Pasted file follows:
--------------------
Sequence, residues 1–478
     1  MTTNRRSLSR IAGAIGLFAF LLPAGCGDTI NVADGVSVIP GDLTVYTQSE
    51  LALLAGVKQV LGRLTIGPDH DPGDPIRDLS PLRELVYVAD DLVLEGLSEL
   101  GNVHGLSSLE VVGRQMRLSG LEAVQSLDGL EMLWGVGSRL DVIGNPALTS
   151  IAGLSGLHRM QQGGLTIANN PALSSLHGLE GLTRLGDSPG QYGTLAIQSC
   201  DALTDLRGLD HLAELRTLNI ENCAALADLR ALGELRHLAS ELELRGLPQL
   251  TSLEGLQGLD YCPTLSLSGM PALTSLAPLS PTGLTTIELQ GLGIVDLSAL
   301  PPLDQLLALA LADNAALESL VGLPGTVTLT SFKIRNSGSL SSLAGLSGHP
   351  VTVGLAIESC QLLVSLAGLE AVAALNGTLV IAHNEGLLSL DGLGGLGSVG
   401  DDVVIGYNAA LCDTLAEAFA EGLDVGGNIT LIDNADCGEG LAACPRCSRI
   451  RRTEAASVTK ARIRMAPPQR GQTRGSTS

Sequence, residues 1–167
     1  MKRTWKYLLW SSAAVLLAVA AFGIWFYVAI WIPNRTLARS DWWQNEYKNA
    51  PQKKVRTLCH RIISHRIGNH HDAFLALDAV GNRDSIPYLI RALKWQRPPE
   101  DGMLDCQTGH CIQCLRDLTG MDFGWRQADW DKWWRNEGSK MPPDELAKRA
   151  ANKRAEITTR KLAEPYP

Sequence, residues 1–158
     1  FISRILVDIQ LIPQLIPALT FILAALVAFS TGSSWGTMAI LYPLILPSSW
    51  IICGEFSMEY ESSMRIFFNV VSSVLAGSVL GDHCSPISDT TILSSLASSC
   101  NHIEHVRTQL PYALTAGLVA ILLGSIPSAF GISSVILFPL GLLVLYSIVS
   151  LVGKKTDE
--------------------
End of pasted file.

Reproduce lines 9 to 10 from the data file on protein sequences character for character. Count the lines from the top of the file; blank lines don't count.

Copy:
   351  VTVGLAIESC QLLVSLAGLE AVAALNGTLV IAHNEGLLSL DGLGGLGSVG
   401  DDVVIGYNAA LCDTLAEAFA EGLDVGGNIT LIDNADCGEG LAACPRCSRI